The brain strives to put its owner in circumstances like those that caused its ancestors to reproduce. (The brain's goal is not reproduction itself; animals don't know the facts of life, and people who do know them are happy to subvert them, such as when they use contraception.) The goals installed [by natural selection] in Homo sapiens, that problem-solving, social species, are not just the four Fs [i.e., fight, flee, feed, mate]. High on the list are understanding the environment and securing the cooperation of others.
And here is the key to why we have emotions. An animal cannot pursue all its goals at once. If an animal is both hungry and thirsty, it should not stand halfway between a berry bush and a lake, as in the fable about the indecisive ass who starved between two haystacks. Nor should it nibble a berry, walk over and take a sip from the lake, walk back to nibble another berry, and so on. The animal must commit its body to one goal at a time, and the goals have to be matched with the best moments for achieving them.... Different goals are appropriate when a lion has you in its sights, when your child shows up in tears, or when a rival calls you an idiot in public.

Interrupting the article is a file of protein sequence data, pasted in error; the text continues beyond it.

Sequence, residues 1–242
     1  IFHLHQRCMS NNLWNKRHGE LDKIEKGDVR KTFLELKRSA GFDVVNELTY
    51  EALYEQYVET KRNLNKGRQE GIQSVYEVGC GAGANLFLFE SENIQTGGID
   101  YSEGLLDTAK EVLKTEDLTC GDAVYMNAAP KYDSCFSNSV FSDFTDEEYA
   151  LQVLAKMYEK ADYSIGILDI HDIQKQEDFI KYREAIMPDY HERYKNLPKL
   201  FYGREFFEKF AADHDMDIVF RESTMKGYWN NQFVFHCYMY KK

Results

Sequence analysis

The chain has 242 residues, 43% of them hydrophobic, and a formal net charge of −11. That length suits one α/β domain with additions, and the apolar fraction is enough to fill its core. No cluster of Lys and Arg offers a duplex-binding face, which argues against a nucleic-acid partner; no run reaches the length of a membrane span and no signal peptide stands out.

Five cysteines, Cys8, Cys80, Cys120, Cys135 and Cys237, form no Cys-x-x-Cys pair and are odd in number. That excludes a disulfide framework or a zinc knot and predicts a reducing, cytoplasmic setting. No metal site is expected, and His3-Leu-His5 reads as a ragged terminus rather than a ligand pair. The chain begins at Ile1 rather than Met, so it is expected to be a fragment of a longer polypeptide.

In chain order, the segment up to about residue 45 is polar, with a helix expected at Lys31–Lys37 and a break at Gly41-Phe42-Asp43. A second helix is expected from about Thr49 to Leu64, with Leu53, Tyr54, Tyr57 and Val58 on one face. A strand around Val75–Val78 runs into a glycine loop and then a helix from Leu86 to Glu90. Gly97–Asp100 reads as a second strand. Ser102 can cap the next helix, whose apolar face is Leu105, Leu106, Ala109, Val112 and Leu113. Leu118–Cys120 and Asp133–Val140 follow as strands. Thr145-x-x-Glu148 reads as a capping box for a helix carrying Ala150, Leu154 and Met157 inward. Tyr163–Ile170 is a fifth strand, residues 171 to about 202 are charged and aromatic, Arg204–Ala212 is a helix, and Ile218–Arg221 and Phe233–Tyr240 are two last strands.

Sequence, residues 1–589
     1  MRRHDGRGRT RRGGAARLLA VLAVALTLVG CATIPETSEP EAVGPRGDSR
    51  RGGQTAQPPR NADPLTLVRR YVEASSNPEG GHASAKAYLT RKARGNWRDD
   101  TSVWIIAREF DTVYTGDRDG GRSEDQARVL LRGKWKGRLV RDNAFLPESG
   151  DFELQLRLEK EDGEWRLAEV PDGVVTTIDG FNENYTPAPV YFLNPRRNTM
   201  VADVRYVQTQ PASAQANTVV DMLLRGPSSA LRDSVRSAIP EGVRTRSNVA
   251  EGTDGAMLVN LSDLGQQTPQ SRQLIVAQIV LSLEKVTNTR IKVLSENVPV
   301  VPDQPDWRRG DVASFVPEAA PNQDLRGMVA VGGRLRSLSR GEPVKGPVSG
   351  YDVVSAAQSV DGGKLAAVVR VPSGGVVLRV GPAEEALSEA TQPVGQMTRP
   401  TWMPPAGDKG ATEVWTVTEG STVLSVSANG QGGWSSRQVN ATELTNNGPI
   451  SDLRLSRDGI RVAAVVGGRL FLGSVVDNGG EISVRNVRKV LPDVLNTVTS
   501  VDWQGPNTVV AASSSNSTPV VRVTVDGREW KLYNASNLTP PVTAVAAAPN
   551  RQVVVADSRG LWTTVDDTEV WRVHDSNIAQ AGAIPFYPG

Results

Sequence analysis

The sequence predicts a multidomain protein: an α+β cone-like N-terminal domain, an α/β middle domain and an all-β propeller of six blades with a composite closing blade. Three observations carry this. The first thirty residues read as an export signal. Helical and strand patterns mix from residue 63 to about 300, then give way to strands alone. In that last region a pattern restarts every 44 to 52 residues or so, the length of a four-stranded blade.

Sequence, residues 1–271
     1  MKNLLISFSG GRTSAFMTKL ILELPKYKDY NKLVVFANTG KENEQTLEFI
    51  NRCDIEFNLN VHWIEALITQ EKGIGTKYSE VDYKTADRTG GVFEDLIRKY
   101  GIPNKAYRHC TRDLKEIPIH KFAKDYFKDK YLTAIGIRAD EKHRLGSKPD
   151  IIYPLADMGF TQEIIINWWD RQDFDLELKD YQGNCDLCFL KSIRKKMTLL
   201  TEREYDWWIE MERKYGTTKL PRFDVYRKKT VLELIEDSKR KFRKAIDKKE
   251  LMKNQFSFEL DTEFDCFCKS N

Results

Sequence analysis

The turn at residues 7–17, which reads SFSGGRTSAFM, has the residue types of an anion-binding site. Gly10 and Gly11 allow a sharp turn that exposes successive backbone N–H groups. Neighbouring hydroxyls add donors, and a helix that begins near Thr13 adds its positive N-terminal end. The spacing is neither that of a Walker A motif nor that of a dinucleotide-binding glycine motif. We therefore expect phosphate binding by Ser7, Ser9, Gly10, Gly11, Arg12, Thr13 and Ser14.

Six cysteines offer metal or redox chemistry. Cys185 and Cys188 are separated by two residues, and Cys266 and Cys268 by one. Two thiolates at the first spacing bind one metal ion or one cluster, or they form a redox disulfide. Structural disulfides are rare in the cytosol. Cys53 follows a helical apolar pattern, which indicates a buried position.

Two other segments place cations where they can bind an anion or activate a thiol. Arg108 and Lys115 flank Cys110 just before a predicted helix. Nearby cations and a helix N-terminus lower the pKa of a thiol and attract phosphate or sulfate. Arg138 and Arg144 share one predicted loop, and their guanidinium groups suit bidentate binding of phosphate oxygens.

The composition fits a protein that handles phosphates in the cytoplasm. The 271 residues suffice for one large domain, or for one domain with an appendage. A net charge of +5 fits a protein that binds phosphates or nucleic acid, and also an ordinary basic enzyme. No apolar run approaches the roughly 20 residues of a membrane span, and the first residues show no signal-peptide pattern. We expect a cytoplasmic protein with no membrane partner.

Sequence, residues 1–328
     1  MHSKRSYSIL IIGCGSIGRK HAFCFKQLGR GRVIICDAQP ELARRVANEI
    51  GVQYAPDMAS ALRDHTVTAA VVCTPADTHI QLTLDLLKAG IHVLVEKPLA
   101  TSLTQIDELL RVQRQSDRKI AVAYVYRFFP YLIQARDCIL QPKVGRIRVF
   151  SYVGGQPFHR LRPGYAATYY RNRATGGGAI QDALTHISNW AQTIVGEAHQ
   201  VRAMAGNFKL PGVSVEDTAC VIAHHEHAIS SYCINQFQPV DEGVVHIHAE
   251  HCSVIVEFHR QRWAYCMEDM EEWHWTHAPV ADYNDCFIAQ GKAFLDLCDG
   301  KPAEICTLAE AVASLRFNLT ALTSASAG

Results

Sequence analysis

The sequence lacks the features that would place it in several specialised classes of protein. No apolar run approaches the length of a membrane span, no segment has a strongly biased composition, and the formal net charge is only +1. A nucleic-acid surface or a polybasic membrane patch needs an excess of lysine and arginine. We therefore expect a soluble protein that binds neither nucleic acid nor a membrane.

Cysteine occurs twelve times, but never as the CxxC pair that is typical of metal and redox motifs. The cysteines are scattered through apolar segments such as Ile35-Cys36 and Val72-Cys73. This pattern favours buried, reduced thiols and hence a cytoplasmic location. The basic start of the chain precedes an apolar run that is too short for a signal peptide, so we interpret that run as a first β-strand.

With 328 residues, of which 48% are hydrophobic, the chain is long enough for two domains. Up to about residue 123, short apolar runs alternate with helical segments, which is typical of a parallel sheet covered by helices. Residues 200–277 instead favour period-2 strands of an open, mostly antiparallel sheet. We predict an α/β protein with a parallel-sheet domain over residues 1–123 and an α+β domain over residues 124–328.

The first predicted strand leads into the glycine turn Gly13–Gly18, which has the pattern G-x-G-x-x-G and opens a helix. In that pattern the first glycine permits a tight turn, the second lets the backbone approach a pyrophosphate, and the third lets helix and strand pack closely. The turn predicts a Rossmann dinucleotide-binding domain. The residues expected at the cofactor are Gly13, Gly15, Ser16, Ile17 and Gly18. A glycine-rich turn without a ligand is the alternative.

The emotions are mechanisms that set the brain's highest-level goals. Once triggered by a propitious moment, an emotion triggers the cascade of subgoals and sub-subgoals that we call thinking and acting. Because the goals and means are woven into a multiple nested control structure of subgoals within subgoals within subgoals, no sharp line divides thinking from feeling, nor does thinking inevitably precede feeling or vice versa (notwithstanding the century of debate within psychology over which comes first). For example, fear is triggered by a signal of impending harm like a predator, a clifftop, or a spoken threat. It lights up the short-term goal of fleeing, subduing, or deflecting danger, and gives the goal high priority, which we experience as a sense of urgency....
Each human emotion mobilizes the mind and body to meet one of the challenges of living and reproducing in the cognitive niche. Some challenges are posed by physical things, and the emotions that deal with them, like disgust, fear, and appreciation of natural beauty, work in straightforward ways. Others are posed by people. The problem in dealing with people is that people can deal back. The emotions that evolved in response to other people's emotions, like anger, gratitude, shame, and romantic love, are played on a complicated chessboard, and they spawn the passion and intrigue that misleads the Romantic.
This view is, in many important respects, different from Rand's. In particular, it challenges Rand's conviction that a "rational man ... has no inner conflicts, his mind and his emotions are integrated, his consciousness is in perfect harmony." This view is difficult to square with the view that emotions are products of natural selection; it is even more difficult to square with the modular view of the mind emerging from the sciences of human nature.